I wrap from the inside, over the bar. If you do it the other way it's up to you, but I've found the "over" direction works well.
This is the opposite of Sheldon Brown's preference and ParkTool's recommendation which suggests to me that it probably doesn't matter that much. I like this article for the conversational style and the number of pictures.
In conclusion, the golden rules seem to be:
- Clean hands
- Tools within easy reach (so you don't have to let go)
- Wind from the bar end towards the centre
My first attempt
Sadly, my first attempt was not very successful. It is a long time since I wrapped my bars and I'd never used the Cinelli tape before. I was worried about breaking it and didn't pull hard enough to get a snug fit. I was also using the Gel variant of the Cinelli tape which has two adhesive stripes rather than a single central strip. This reduced the traction on the bar during the job and meant that a couple of times, where I'd broken golden rule number 2, the tape started to unwind.
After the first half of the bar was done I had more tape left over than I expected - I could have increased the overlap, particularly around the tight parts of the bend. I did the second half of the bar better and when I finished the job the tape looked fine but I could have usefully gone back and re-wrapped that first bar with hindsight.
The result, after 500 miles the tape was already coming loose. After 750 miles I gave up and rewrapped. That gave me an opportunity to change the colour of the tape too (on reflection, the white looks better than the blue).
In summary, I'd add a fourth golden rule to the three above. If this is your first time with a particular type of tape:
- Buy two lots of tape, that way, if you mess up you have some spare tape to help you finish the job properly.
With the bar wrapped and a small break in the the weather a few days later I was able to finally take the bike for a shake down ride one evening. The only problem I had was a consequence of the problem I described with the gear cable on the left brifter (the cable that connects to the front derailleur). Clearly the last minute adjustments to fix the cable tension problem (see above) had screwed something up.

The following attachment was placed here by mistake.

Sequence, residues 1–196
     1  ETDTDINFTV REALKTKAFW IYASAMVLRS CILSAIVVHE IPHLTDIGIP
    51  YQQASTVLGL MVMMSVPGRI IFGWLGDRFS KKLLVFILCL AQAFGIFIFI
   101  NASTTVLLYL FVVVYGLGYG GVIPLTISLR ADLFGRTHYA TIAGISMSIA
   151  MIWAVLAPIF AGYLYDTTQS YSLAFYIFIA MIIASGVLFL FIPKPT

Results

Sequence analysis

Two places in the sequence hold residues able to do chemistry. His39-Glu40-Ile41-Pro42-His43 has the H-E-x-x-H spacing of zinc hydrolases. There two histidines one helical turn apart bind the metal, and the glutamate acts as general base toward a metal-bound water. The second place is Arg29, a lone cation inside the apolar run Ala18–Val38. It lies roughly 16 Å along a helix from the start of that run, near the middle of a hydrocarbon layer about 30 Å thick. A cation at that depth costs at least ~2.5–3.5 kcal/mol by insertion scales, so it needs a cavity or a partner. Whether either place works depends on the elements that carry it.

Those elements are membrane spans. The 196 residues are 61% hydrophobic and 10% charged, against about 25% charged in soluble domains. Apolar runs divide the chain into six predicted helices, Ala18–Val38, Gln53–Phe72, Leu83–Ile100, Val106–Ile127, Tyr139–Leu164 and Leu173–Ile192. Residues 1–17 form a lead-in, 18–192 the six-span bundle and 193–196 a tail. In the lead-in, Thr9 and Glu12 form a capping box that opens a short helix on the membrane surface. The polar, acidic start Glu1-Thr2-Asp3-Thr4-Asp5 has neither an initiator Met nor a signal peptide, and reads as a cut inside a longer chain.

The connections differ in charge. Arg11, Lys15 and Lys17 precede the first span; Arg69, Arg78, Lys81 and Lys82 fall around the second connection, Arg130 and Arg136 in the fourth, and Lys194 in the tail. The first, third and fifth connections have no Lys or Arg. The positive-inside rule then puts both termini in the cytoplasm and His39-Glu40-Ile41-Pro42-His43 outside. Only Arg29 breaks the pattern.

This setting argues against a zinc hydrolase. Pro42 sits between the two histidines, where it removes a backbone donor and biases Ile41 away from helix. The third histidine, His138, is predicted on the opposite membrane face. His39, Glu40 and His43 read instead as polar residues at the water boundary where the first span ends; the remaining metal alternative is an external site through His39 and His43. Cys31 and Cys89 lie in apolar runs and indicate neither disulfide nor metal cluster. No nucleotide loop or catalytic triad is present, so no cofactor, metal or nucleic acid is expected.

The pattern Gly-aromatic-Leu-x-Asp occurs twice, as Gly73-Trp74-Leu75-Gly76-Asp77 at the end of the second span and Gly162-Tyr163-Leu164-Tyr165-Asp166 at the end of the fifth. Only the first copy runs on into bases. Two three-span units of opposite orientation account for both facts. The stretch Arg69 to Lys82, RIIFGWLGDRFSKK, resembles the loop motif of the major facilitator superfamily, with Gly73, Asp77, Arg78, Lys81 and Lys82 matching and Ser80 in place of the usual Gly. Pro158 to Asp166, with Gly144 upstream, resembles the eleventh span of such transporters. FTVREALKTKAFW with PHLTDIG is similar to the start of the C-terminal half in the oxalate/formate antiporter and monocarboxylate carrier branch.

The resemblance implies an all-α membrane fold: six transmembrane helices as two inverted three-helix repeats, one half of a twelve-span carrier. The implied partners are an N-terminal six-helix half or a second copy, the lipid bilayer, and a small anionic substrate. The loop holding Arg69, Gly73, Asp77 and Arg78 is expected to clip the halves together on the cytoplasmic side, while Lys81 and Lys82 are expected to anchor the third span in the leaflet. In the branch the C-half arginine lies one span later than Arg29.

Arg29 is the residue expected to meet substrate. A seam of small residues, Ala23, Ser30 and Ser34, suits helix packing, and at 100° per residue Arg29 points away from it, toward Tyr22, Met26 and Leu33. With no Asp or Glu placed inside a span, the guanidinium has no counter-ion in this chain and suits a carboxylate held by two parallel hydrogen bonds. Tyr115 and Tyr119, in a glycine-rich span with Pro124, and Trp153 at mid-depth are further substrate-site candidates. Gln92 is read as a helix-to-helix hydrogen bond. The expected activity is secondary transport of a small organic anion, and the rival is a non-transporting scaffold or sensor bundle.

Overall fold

I was just starting to ascend one of our local climbs (or what passes for a climb in our area) but the Centaur's release button was jammed and wouldn't drop the chain onto the small ring. Fortunately it wasn't too steep and I could use the right-hand lever to get comfortable. I figured that, for the button to jam, there must be some unwanted tension in the system. I loosened the barrel adjuster as much as I could (by screwing it into the frame lug as far as it would go - being mindful not to put my fingers through the spokes of the front wheel). This seemed to do the trick and the button could then be pressed and the chain shifted down. Of course, at this point there wasn't enough tension in the cable to shift back up. After a bit of fiddling I found an adjustment point that seemed to work enough to get me home but the whole thing had to be redone from scratch. That is, I had to remove all the tension from the cable, remove it from the clamp on the derailleur, reset the barrel adjuster (by screwing it in) and then reattach and tension the cable as per the instructions.
What happened? I'm not 100% sure. It seems likely that the cable had become too loose (as these things don't usually get tighter by themselves) and that I had pushed the level too far beyond the third click at the previous up-shift (the lever itself also appeared to be jammed). Either way, the levers feel a little more fragile than then old 105s I'm used to - a result of their lighter weight I expect. They're also quite expensive so I was pleased to get through this glitch without the need for more expensive spare sparts.